Corner Chisel

The carpenter's corner chisel squares a mortise after the auger roughs it in. It's an old idea, but for carpenters, the advantage was so marginal it hardly justified the cost. As tools became cheaper, specialty tools like the corner chisel became more common at building sites.

Carpenters, working in straight-grained timbers, can readily square corners with a framing chisel. The edge goes in across the grain and splits off the waste toward the auger hole. For wheelwrights, however, mortising elm hubs called for a more tightly angled corner chisel called the bruzz. Elm has interlocked grain and won't split away neatly like oak or pine. The best way to clear the corners of the tapering mortises in an elm hub is with a tightly angled corner chisel.

Corner chisels are often found sharpened to a point at the intersection. This make placement easier, but also makes the tool more spikelike. It doesn't take too many embarrassing stuck corner chisels to teach you to take smaller bites and work your way into the corner.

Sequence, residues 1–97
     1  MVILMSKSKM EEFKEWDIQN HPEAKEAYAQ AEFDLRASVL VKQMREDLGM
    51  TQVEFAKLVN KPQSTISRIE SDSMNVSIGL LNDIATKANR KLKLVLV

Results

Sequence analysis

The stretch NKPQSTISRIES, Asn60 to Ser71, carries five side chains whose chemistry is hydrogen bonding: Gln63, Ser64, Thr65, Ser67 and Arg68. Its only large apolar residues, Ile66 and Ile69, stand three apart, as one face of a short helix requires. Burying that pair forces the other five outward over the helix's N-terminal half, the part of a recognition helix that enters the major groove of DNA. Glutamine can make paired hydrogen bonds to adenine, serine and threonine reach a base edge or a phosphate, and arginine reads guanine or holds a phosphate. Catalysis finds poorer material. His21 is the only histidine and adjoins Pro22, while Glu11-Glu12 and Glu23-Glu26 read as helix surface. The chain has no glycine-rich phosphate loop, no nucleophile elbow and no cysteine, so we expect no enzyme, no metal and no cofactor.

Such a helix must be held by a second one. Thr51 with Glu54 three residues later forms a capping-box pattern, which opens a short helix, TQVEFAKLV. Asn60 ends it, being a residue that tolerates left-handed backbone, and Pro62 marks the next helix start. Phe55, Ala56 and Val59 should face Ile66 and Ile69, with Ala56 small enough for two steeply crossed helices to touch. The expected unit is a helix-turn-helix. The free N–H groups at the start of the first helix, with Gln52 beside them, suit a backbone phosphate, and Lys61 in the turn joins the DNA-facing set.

Woodworking Tools and Installation Tips

Woodworking Tools and Installation Tips

There are a lot of things that either needs to be repaired, or put together when youre a homeowner. If youre a new homeowner, and have just gotten out of apartment style living, you might want to take this list with you to the hardware store. From remolding jobs to putting together furniture you can use these 5 power tools to get your stuff together. Dont forget too that youll need a few extra tools for other jobs around the house.

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